2 _ Get extra curricula _ If you're still in secondary school think about writing your personal statement after college. Think about something which will make you stand out. A lot of students won't have any legal work experience at this stage; you can really set yourself apart if you can get some. Even if you're in the second year of college it's not too late _ ask for some work experience at your local firm, even if it's for 2 days. You should really try and get at least one extra curricular law activity on your CV. You can also arrange a court visit at your local court. This could be a good chance to make contacts too. It could open the door to a shadowing opportunity _ shadowing any court staff will be exceedingly valuable.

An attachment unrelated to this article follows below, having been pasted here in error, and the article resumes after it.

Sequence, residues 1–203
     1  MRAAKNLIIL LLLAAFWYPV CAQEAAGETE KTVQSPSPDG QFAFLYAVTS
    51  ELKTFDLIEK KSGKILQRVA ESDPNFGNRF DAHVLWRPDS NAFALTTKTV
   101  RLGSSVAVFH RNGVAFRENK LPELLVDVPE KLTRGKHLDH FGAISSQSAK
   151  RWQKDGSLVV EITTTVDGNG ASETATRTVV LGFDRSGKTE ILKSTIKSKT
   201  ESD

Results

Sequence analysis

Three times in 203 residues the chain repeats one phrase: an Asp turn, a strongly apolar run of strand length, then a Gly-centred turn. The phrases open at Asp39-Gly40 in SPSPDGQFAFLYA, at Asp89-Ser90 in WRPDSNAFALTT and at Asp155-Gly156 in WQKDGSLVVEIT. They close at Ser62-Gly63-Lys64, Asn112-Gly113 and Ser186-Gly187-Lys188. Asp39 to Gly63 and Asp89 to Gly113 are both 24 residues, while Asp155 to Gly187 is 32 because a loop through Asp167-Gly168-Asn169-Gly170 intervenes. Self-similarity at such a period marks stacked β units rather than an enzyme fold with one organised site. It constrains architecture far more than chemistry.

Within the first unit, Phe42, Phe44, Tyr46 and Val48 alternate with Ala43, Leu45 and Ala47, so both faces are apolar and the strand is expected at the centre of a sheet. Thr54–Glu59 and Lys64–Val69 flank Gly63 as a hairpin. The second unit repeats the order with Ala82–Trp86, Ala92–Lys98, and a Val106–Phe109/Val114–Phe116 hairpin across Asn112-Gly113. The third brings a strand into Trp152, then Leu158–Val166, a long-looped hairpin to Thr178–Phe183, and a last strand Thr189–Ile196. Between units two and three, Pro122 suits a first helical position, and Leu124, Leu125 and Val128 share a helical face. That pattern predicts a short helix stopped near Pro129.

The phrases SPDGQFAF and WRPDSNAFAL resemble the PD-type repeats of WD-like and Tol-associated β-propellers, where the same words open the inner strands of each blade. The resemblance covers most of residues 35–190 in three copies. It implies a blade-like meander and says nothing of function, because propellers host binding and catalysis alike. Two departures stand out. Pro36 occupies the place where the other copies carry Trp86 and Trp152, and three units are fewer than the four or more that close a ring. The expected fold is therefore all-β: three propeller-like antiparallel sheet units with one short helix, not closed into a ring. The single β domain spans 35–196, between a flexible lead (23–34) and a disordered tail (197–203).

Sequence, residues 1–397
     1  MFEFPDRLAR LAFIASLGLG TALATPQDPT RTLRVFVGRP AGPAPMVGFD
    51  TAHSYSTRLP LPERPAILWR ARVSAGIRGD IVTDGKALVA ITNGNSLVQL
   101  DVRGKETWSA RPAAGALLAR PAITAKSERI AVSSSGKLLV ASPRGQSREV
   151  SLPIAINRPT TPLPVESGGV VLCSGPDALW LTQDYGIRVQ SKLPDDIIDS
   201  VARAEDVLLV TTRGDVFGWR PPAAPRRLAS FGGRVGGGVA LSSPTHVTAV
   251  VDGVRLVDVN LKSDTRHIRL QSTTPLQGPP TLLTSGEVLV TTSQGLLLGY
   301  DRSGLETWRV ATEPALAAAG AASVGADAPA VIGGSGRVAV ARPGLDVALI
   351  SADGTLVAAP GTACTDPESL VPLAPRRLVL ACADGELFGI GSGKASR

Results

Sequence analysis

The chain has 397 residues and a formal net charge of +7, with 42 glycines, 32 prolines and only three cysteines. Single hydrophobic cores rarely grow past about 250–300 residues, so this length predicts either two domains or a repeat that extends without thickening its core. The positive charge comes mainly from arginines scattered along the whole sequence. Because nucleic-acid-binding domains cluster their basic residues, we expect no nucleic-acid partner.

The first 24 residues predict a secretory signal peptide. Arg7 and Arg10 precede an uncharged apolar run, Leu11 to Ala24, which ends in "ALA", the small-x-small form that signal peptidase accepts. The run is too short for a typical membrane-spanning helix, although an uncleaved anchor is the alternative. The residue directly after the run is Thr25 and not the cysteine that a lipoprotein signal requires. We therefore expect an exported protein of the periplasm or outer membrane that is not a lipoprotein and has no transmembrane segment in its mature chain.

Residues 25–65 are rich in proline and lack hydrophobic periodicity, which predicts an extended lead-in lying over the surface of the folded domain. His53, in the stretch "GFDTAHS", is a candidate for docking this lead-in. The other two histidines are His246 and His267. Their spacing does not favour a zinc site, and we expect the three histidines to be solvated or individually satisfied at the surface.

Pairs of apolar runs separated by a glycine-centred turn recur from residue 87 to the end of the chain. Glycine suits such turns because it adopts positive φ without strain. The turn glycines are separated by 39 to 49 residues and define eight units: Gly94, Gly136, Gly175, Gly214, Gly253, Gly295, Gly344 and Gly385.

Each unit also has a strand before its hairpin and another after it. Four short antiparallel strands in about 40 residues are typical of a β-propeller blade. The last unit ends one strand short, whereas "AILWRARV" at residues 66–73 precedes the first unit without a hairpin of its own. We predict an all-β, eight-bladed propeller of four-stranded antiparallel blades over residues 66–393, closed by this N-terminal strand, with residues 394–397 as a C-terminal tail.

Having known about the importance of personal statement, the next question emerging in our mind is that how to write it? Take a blank piece of paper and brainstorm a list of your skills, work experience, personal interests and qualities which are relevant to your application. Jot down these issues before you carve sentences and paragraphs. Be personal and concrete. Tell issues which makes your application unique from others. Be enthusiastic and show what you have actually done, and why you found them interesting. It may be very difficult for the academic officers to select you if your personal statement is not up to scratch, particularly when there are thousands of other candidates to choose from. You can qualify for the desired university only by writing a perfect personal statement; otherwise you may miss a chance, though you are academically sound.